HB159 Helps Domestic Violence Victims Stop Abusers From Possessing Guns. Gun Lobbyists Oppose It.


Gun laws fail safety test: Greens” by publik16 is licensed under CC BY-NC-SA 2.0

A bill to expand the definition of domestic abuse so it includes non-physical, emotional abuse, like coercion, control, and intimidation, is being considered for final passage in the Senate today. 

The bill, HB159, was authored by Representative Malinda White, who is a domestic violence survivor. “I know what it feels like to be isolated from the world,” Representative White commented. “Coercion and control is where it starts.”

Research shows that most cases of domestic violence don’t begin with physical abuse, they begin with emotional abuse. The updated definition will help domestic violence victims obtain protective orders and escape their relationships before the situation escalates to violence. 

Andrea Caroll, an LSU law professor, spent years crafting the new definition with professionals from the Louisiana State Law Institute and nonpartisan legislators. She emphasized that domestic abuse normally doesn’t start with violence but rather controlling behavior. 

Currently, to obtain a protective order, victims typically have to demonstrate how they have been physically or sexually abused. Because of this, protection often comes too late. Experts believe this is why Louisiana leads the nation in domestic abuse fatalities. 

In fact, in 2017, Louisiana had the 2nd highest femicide rate in the United States. More than half of 2017’s femicide victims were murdered by intimate partners, and 70% of intimate partner femicides were committed using firearms.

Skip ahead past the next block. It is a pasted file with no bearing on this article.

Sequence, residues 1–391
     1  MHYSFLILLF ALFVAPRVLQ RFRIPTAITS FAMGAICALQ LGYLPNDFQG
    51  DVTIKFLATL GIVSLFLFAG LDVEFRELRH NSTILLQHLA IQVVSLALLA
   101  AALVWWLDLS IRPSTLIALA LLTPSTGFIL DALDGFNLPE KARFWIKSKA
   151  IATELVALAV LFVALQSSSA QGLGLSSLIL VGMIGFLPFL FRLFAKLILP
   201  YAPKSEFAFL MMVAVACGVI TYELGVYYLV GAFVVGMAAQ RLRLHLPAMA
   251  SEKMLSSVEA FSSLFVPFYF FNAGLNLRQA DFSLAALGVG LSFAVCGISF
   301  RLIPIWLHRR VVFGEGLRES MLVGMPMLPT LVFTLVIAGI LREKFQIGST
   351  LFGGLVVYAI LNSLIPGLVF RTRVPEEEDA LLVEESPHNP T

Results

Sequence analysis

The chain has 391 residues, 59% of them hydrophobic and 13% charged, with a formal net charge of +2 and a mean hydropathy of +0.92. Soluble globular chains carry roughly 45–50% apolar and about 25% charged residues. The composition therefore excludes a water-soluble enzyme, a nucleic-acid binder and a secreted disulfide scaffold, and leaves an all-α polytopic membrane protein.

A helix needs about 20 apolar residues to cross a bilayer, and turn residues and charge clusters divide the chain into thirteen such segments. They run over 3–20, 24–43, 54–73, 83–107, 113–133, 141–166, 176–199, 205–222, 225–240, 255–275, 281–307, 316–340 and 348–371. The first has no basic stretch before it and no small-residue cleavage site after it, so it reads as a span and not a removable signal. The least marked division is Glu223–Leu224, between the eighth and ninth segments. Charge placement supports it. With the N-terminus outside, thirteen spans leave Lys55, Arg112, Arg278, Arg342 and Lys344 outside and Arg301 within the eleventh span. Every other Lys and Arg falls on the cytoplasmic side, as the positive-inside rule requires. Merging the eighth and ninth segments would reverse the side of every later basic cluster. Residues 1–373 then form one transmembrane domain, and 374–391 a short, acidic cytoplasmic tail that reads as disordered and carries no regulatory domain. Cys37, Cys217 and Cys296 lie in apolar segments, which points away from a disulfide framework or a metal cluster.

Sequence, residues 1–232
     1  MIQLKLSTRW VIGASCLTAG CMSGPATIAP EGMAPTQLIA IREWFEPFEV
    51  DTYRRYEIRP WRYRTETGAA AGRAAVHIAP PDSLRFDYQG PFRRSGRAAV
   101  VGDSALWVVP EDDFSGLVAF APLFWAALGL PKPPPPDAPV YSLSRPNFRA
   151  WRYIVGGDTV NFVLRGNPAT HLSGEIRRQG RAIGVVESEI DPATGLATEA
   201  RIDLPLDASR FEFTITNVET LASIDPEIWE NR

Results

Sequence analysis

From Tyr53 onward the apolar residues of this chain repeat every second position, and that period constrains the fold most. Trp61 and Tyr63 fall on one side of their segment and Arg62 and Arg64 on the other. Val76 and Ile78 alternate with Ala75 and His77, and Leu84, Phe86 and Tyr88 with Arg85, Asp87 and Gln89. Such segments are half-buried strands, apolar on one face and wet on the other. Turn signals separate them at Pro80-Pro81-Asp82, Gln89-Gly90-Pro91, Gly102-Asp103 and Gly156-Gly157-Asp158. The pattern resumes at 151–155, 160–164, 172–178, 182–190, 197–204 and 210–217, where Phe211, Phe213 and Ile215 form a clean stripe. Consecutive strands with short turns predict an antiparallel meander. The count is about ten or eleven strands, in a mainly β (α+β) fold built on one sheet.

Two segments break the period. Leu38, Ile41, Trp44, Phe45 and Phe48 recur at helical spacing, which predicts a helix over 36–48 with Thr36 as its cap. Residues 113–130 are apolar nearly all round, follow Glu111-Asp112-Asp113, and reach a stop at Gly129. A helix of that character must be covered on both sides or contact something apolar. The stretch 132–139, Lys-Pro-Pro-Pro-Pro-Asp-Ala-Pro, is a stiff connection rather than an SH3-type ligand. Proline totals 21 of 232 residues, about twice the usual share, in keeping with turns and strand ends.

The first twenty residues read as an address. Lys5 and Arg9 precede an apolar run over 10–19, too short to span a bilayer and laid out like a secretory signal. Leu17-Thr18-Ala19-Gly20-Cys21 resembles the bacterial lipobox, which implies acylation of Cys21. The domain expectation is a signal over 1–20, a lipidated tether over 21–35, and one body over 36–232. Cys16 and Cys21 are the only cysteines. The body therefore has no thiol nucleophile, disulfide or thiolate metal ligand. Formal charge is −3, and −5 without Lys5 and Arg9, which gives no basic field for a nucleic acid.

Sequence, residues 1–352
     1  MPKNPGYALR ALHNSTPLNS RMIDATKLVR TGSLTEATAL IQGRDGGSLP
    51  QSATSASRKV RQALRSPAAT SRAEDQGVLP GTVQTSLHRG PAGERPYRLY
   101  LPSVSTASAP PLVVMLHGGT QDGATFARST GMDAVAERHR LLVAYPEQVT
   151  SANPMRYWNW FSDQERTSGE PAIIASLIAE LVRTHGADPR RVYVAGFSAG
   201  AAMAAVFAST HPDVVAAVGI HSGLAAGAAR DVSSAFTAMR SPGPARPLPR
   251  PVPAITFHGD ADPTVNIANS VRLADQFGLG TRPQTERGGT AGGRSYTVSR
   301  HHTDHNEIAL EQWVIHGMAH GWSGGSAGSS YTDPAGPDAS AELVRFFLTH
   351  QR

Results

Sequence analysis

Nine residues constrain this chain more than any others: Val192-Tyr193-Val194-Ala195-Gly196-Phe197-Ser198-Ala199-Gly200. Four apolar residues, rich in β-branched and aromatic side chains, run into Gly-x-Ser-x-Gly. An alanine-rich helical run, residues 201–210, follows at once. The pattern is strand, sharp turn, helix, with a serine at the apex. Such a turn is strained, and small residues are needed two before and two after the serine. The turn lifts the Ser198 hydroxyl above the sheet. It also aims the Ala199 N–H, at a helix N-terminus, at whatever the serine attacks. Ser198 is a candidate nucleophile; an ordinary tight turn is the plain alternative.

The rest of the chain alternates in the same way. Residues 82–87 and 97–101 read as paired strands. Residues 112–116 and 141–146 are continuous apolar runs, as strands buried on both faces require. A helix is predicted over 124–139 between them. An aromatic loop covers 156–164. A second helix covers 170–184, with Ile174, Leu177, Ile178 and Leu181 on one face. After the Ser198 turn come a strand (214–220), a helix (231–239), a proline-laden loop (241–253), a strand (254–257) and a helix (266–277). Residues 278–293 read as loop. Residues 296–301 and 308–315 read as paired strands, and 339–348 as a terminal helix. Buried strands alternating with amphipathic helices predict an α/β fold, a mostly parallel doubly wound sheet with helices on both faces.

“We’re telling victims ‘leave, leave, leave,’ yet we won’t provide any protection for you to leave until it escalates into physical violence,” said Mariah Wineski, executive director at the Louisiana Coalition Against Domestic Violence. “It’s absurd that we would let it get that far.”

While the bill will broaden the definition of domestic abuse, proponents of the bill argue that it’s still quite narrow. According to the bill, abuse that is not physically violent, like coercion, control, and punishment, is only domestic abuse if it prevents the victim from reporting the abuse to law enforcement or escaping their relationship. 

The bill sailed through the House floor with unanimous support, only to meet resistance in the Senate from the state’s gun lobby. They oppose the bill because they said it will make it too easy for domestic violence victims to obtain protective orders that stop their abusers from possessing firearms. 

“I believe in 2nd Amendment rights and I stand with them on almost everything. But when it comes to domestic abuse, they shouldn’t be at the table — and they shouldn’t try to control the conversation,” commented Representative White, an enthusiastic gun owner. 

The NRA has suggested an amendment called the “boyfriend-loophole” which would allow abusive partners who don’t live with the victims to keep their guns. White opposes the loophole, stating that it would undermine the purpose of the bill which is to protect domestic violence victims. 

According to existing Louisiana statutes, domestic abuse “includes but is not limited to physical or sexual abuse.” The stipulation “includes but is not limited to” gives judges discretion to consider other factors like emotional abuse, however, because of the law’s vagueness judges rarely do. 

“This bill is about defining domestic abuse, and that definition isn’t up to the gun lobby,” White said. “That definition should come from subject matter experts. It should come from survivors. It should come from the people who have been doing the work to address domestic violence for decades.”

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